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Katie Bell
Professor Jarvis
FHS 1500
July 2, 2015
Observation #2
Preschool Observation
Background Information
Child’s Age: 5 years old
Fictitious Name: “John”
Location: Neighborhood Elementary School
Brief Description: There were several non-related adults in the area. They serve lunch on
weekdays to children and then allow for play time after eating. I stayed for an hour to help with
lunch and watch the children.
Physical Development
John physically looked how the textbook says a preschooler should. “Children slim down
as the legs and arms lengthen and fat turns to muscle,” (Berger, 2014, pg. 167). He looked
slimmer and more proportioned than some of the younger children there. At play time, John’s
motor skills of running and balancing were present because of his evenly proportioned body
(Berger, 2014, pg. 168). He was able to run up the stairs on the jungle gym when a toddler would

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have a hard time staying up on their new-to-walking legs. John was also able to stay balanced on
the rickety bridge while the other kids were jumping up and down on it.
As I was deciding what child to observe, I picked John because of his fine motor skills.
After he received his lunch of a hamburger, chips, milk and a mix of corn and black beans, he
seemed to be playing with his food. I looked closer and he had taken his fork and knife and was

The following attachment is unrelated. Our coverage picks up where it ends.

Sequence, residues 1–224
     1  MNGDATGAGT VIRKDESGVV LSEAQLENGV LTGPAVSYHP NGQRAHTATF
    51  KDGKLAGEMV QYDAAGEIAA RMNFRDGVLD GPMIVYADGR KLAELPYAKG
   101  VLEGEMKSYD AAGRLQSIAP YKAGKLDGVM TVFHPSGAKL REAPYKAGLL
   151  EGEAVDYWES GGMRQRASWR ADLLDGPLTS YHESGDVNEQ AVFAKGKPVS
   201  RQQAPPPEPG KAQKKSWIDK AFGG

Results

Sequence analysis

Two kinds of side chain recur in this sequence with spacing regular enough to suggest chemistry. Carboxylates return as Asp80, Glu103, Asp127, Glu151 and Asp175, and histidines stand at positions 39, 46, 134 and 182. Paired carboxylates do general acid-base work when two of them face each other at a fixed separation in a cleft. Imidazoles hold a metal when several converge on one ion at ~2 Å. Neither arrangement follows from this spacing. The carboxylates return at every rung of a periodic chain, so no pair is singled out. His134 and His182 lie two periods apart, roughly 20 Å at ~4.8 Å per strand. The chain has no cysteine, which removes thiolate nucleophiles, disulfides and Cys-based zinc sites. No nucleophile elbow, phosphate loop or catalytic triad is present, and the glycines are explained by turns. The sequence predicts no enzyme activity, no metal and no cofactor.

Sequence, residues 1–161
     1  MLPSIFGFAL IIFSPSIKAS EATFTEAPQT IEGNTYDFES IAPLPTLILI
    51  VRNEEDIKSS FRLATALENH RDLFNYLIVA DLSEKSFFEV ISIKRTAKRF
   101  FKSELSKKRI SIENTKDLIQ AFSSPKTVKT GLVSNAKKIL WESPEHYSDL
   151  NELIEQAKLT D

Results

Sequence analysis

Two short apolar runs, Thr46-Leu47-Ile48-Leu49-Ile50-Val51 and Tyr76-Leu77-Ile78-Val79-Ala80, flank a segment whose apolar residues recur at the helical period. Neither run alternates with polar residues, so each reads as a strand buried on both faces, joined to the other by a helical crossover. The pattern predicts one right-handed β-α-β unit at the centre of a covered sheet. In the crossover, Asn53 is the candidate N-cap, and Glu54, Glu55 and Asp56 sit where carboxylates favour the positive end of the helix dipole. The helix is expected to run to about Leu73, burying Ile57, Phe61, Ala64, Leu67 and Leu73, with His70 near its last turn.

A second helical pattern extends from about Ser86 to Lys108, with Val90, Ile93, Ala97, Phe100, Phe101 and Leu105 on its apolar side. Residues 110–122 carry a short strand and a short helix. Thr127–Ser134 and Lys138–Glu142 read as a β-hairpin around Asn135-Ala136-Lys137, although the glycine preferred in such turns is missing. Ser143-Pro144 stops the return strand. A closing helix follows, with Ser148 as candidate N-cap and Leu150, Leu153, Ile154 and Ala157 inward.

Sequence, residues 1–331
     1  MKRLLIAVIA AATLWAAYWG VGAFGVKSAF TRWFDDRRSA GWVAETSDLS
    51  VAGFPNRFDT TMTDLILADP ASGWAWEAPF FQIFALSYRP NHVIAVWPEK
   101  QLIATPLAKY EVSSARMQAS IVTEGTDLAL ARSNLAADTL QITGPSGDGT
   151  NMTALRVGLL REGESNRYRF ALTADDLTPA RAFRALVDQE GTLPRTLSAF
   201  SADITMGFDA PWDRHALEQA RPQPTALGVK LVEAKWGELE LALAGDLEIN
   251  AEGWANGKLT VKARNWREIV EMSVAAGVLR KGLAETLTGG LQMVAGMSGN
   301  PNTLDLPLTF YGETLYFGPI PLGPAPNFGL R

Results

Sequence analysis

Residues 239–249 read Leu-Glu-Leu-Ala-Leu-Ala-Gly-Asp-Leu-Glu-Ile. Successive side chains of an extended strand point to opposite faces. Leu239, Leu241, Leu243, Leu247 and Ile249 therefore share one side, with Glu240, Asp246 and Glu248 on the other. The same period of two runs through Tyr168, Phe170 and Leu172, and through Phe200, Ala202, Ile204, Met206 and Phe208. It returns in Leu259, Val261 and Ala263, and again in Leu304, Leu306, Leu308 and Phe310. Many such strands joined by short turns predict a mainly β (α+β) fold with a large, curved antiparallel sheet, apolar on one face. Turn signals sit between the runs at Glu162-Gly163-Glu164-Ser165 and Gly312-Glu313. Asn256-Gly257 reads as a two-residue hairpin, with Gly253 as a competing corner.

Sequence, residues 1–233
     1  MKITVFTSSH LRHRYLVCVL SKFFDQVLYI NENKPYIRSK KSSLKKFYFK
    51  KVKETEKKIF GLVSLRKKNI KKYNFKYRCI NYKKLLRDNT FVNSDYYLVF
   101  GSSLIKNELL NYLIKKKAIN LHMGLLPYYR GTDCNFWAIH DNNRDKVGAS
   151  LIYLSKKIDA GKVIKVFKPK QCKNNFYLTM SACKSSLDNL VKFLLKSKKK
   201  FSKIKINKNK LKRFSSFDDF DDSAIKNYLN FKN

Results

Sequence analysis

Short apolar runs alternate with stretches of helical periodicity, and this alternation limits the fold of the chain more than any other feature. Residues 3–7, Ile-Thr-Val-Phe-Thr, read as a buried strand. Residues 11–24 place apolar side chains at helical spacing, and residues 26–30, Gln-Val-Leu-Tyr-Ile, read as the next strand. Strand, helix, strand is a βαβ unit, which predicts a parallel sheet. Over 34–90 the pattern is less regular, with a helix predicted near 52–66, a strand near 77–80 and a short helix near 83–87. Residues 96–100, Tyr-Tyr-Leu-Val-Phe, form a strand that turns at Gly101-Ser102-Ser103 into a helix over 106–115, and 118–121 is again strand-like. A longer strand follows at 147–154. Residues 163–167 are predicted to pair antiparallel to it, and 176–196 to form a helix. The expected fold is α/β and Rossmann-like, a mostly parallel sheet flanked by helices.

separating the corn and beans into two separate piles. It was interesting to me because he was
using his utensils and not his fingers like the other children were. This shows that his motor
skills are improving from the skills he had before as a toddler. The textbook says, “Mastery [of
motor skills] depends on maturation and practice,” (Berger, 2014, pg. 170). From John’s ability
to separate the corn and beans, it showed to me that he had plenty of practice with his fine motor
skills to accomplish this task. He has been building on the core motor skills he gained as a
toddler.
Another thing I noticed about John was his nutritional preferences. He gravitated towards
his beans and corn before his chips unlike the other children. “2- to 6-year-olds may be at greater
nutritional risk than children of any other age because they eat too much of the wrong foods,”
says our textbook, (Berger, 2014, pg. 168). John’s choice to eat his beans and corn is setting up
the habit of eating good foods and is lowering his risk of health problems in the future.
Cognitive Development
There were a few cognitive characteristics that I noticed with John. The first was the
principle of conservation. Our text book defines conservation as, “the notion that the amount of
something remains the same (is conserved) despite changes in its appearance,” (Berger, 2014, pg.
183). While John was heading up to the slide, a little girl was pouring rocks onto the end of the

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slide. When he saw what she was doing he rushed down and started sweeping the rocks off so he
could slide down. The little girl got upset and started crying and yelling at John. One of the
adults saw what was happening and rushed over to solve the problem. After the rocks were